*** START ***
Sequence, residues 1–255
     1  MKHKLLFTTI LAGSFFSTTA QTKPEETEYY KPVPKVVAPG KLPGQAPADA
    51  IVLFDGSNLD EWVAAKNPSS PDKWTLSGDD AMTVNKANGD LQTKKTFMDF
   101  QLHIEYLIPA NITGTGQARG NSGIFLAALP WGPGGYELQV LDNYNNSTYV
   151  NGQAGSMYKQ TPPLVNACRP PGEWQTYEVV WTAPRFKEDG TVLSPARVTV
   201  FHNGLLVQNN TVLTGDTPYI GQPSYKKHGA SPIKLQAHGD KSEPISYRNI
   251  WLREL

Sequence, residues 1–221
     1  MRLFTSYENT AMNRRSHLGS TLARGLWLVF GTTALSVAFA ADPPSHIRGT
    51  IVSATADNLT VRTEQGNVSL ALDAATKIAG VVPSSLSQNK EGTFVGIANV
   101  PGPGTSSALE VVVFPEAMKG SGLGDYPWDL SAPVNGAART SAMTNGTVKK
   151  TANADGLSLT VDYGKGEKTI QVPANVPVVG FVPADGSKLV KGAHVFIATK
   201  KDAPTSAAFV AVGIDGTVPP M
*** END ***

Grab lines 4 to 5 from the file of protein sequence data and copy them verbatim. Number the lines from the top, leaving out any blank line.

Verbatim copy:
   101  QLHIEYLIPA NITGTGQARG NSGIFLAALP WGPGGYELQV LDNYNNSTYV
   151  NGQAGSMYKQ TPPLVNACRP PGEWQTYEVV WTAPRFKEDG TVLSPARVTV